Memory card: SD/SDHC/SDXC

Plot twist.

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I did not see that coming.

The LX100 saga is finally over.

I got an email form Panasonic letting me know that not only did my LX100 need a sensor cleaning, but that the lens was bad, too.

I called to authorize the work and give them my credit card info. I was told that, in all, it would cost roughly $375 US to repair and ship back to me. Bummer. A lot more than I’d anticipated.

Then I was told I had the option to purchase a refurbed LX100 for less than $200. Yay. Let’s do that. Happy boy.

About 10 minutes after I hung up I got a call from the agent that’d helped me apologizing because it turns that they’re fresh out of refurbished LX100s. Bummer.

At this point my only other option was to purchase a new one for a little more than $100 over the cost of repairs.

The get to keep my old LX100.

I ran all this by the CFO of Morris Enterprises, and she approved the expenditure. The new camera arrived today. So clean!

Here’s hoping I get at least 4 years use out of it!

 

 

Use what you have.

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Spot on.

I’m not quite ready to pull the trigger on a full-blown spot meter.

The model I’m interested in, the Minolta Spot Meter F, has a price range of roughly $100-$300 US on eBay depending on condition, seller, and shipping.

I spotted (!) another option on eBay. It’s the Minolta Viewfinder II 10 Degree Spot attachment for their Minolta Auto Meter IV F. It just so happens that I have one of those little gems. The Auto Meter IV has been in my kit for many a year.

The attachment goes for around $50. I figured it’d be a good investment and learning tool. There were enough decent reviews in forums to convince me to give it a try and since the cost was reasonable, I went for it.

I’ll look into a Spot Meter F again next year, but for now I think this attachment will be useful.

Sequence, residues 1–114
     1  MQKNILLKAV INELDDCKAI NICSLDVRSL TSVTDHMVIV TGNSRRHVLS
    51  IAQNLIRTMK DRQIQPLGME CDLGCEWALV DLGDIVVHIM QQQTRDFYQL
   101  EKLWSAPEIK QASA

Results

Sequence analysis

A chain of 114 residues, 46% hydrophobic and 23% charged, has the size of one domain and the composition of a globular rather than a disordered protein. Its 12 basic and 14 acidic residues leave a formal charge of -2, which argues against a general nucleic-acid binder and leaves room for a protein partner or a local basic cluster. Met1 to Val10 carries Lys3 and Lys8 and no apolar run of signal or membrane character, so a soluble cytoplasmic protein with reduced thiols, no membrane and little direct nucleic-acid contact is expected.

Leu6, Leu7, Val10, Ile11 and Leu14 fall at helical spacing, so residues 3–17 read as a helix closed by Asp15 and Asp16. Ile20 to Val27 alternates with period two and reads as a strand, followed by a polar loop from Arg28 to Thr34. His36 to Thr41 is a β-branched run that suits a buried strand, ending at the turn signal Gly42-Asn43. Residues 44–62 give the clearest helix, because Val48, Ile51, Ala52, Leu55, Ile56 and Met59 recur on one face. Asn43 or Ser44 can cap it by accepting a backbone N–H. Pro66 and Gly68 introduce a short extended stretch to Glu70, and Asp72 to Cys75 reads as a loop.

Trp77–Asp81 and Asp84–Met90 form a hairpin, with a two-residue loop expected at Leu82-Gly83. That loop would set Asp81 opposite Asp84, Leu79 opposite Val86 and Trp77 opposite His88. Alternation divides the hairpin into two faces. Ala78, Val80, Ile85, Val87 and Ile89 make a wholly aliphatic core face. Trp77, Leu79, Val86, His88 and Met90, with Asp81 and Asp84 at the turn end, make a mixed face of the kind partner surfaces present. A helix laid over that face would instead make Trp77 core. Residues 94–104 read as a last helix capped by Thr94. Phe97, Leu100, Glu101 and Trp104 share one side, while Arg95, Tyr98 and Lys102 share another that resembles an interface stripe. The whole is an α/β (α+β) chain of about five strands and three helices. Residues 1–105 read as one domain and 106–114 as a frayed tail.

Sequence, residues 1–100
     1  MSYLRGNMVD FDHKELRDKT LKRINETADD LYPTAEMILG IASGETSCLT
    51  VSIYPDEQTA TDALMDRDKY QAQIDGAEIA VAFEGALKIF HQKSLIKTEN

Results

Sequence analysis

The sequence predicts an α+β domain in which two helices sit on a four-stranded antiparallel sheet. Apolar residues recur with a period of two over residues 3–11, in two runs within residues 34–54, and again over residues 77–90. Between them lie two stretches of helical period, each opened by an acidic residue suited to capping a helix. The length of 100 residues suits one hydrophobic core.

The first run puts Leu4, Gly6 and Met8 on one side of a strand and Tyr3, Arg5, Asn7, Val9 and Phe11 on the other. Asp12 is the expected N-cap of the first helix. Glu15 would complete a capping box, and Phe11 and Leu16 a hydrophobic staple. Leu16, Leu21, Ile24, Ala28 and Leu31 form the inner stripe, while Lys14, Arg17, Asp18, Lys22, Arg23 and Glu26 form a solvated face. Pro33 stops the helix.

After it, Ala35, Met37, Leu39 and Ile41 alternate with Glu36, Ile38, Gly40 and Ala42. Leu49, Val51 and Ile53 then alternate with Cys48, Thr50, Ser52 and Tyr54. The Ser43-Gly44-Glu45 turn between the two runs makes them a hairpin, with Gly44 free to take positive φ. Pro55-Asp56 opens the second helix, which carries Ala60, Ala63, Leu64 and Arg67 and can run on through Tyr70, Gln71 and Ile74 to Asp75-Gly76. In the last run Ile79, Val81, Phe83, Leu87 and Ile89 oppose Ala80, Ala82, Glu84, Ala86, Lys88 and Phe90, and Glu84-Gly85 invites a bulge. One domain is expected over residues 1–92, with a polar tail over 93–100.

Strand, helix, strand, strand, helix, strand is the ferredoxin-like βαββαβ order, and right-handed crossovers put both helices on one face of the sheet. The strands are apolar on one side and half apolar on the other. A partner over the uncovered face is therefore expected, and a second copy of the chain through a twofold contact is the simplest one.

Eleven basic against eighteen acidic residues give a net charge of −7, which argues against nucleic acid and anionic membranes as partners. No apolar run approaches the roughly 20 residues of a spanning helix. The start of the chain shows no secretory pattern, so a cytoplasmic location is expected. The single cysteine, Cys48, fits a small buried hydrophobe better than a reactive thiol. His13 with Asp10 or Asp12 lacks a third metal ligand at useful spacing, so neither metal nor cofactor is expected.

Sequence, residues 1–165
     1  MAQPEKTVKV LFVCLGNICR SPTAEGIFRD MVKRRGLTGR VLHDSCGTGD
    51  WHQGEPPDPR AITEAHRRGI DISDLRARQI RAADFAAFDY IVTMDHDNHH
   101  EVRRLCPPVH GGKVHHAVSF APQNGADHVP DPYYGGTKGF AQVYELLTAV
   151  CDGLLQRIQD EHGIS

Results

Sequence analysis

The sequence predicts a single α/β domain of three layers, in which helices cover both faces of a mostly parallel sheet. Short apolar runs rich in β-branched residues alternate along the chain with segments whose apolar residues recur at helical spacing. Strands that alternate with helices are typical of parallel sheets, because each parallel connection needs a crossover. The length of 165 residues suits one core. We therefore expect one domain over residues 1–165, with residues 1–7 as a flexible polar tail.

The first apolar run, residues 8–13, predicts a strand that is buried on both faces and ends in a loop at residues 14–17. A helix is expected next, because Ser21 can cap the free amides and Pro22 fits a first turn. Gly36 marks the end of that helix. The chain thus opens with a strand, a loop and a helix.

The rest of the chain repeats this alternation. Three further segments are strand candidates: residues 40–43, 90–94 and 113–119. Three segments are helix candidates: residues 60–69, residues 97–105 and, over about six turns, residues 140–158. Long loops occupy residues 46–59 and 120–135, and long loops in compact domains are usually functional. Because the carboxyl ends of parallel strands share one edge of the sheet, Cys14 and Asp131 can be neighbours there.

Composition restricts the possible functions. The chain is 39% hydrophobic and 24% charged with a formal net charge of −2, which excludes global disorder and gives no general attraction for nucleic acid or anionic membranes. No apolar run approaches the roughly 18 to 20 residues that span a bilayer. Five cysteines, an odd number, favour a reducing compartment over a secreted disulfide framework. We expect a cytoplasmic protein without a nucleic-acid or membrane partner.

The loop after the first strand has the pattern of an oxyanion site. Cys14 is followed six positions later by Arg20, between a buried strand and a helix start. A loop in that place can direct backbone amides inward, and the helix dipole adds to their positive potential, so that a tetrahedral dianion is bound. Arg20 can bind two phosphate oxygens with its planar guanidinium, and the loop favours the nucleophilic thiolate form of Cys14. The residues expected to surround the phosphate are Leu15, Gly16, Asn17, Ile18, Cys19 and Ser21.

I’ll be loading up the 4×5 film holders with Fomopan 100.

I’m looking forward to getting out with the Shen Hao.

Rusty shutters #10.

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Panasonic Lumix DMC-GF1.

December 2009.

This camera was a game changer for me.

My first mirrorless, it’s a super-nifty little Micro Four Thirds camera and along with the 20mm ƒ/1.7 lens, I made bunches of nice images with this little gem.

I first heard of this camera through Craig Mod’s blog post titled “GF1 Fieldtest – 16 Days in the Himalayas.” His detailed review, high praise, and the gorgeous photos he shared were all hard to ignore.

The first time I held one and fiddled with it was early December 2009 while attending a photo meet-up in Santa Clara, at the coffee shop across El Camino Real from Santa Clara University’s Loyola Hall.

One of the folks attending brought along his recently acquired GF1/20mm ƒ/1.7 and was kind enough to let me hold it and play with it a bit.

The minute I pressed the shutter release I was hooked – it made a convincing click-thunk sound – you knew you’d just made a picture.

The GF1 is so cool. Small, 12 megapixels, used interchangeable Panasonic and Olympus lenses, quick auto-focus, a 3″ display, and an external viewfinder could be added.

I’ve even attached a Lensbaby Composer Pro/Sweet 35, the Pentax 25mm ƒ/1.4 CCTV, and the Wanderlust Pinwide. Pictured is the Panasonic 14mm ƒ/2.5, a nice street lens.

By Christmas I had one of my own, along with the 20mm ƒ1.7 and the EVF.

Some of my fave portraits were made with this little guy and I’ve shot a lot of cool cars and beautiful flowers with it, too.

Resolution: 12.1 megapixels
Max image size – 4000 x 3000
Display: Fixed 3in LCD @ 460,000 pixels
ISO: Auto, 100, 200, 400, 800, 1600, 3200
Shutter Speeds: 60 sec – 1/4000 sec
Metering: Multi-segment, center-weighted, spot
Dimensions WHD: 4.69in x 2.8in x 1.43in
Weight: 13.58 oz
Power: Lithium-ion rechargeable battery
Memory card: SD/SDHC/MMC